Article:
A year on from the racial justice protests sparked by the murder of George Floyd, companies in the US have responded by boosting the appointment of black directors to S&P 500 boards.
Research from ISS, the global proxy advisers, says that between 1 July 2020 and 19 May 19 this year almost a third—32%—of all freshly appointed directors were black. Just over half, 54%, were white. In the previous year, ISS says, the comparable figures were 11% and 74%. The percentages represent 52 black directors for the year to May 2020, and 148 in the most recent year.
Amounting to a 200% rise inside a year, the numbers speak of a significant corporate reaction to the protests and the intense focus from campaigners and policymakers on racial equality.
“The needle has clearly moved,” says Marija Kramer, head of ISS Corporate Solutions, “as companies respond to the chorus of investors and other stakeholders who since last summer have called for greater racial and ethnic diversity within corporate boardrooms.”
According to the research, the big winners are those “new” to boardroom positions. Kramer believes that “suggests the pipeline of minority director talent is growing at a faster rate than previously evidenced”.
Not everyone is impressed with the figures. Richard Leblanc, a professor of governance at York University and Harvard, says the term “moving the needle” is designed for “managing expectations”. He believes little will change fundamentally unless the US adopts others measures, such as strict term limits for directors and quotas.
Despite states like New Jersey and California—and the tech market NASDAQ—using diversity quotas, unless the US can come to terms with those kinds of policies, LeBlanc believes progress will be “glacial”.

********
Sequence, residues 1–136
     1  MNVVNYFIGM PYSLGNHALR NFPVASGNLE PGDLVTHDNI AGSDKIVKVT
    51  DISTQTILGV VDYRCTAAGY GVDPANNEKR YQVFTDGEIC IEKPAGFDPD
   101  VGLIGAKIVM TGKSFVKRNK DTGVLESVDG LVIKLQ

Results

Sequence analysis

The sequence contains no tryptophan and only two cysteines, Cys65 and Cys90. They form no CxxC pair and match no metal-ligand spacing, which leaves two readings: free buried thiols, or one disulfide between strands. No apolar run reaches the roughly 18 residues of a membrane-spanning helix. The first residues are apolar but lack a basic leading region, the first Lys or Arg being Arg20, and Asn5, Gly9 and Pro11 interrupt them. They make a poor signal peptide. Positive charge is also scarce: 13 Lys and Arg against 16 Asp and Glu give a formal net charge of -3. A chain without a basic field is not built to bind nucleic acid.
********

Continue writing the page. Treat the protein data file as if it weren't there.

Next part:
“Boards left to their own devices, even with prompting from shareholder advisory firms like ISS, are incapable of voluntary change from within.
“It is a tremendous talent loss when highly qualified female and racialized [sic] directors are side-lined to often time their less qualified white, male and connected counterparts with pre-existing relationships to management or other directors,” Leblanc says.
Lack of black executive directors
The UK too is still managing better representation of ethnic minorities in boardrooms. In March the Parker Review revealed that most FTSE 100 companies had achieved their “one in 2021” target of appointing a director from a minority group. Though there remain laggards, “corporate Britain… is becoming more comfortable with boardroom diversity”.
Elsewhere, there are concerns pointing towards a more complex position. Research from search firm Green Park this year showed there were no black chairs, chief executives or CFOs in the FTSE 100.
Those findings may reflect efforts to recruit to non-executive positions while giving less attention to executive roles.
But there may also be much for company leaders to learn as they address boardroom diversity. Psychologists Doyin Atewologun and Fatima Tresh write in an article for Board Agenda that boards need to address their assumption that diversity and meritocracy are at odds.
“For further progress in diversity at executive and board levels, board should reconceptualise a lack of proportional representation as evidence of a non-merit based and biased system,” they write.
They also suggest that addressing “underrepresentation” may not be the whole problem.
“Yes underrepresentation can indicate marginalisation. However, proportionality is not equivalent to power equity.
“The work remains, on multiple intersectional identity fronts, to achieve equity, especially with regards to access to and distribution of power in our largest organisations.”
There is an enormous—and justified—focus on diversity. It is clear much remains to be done.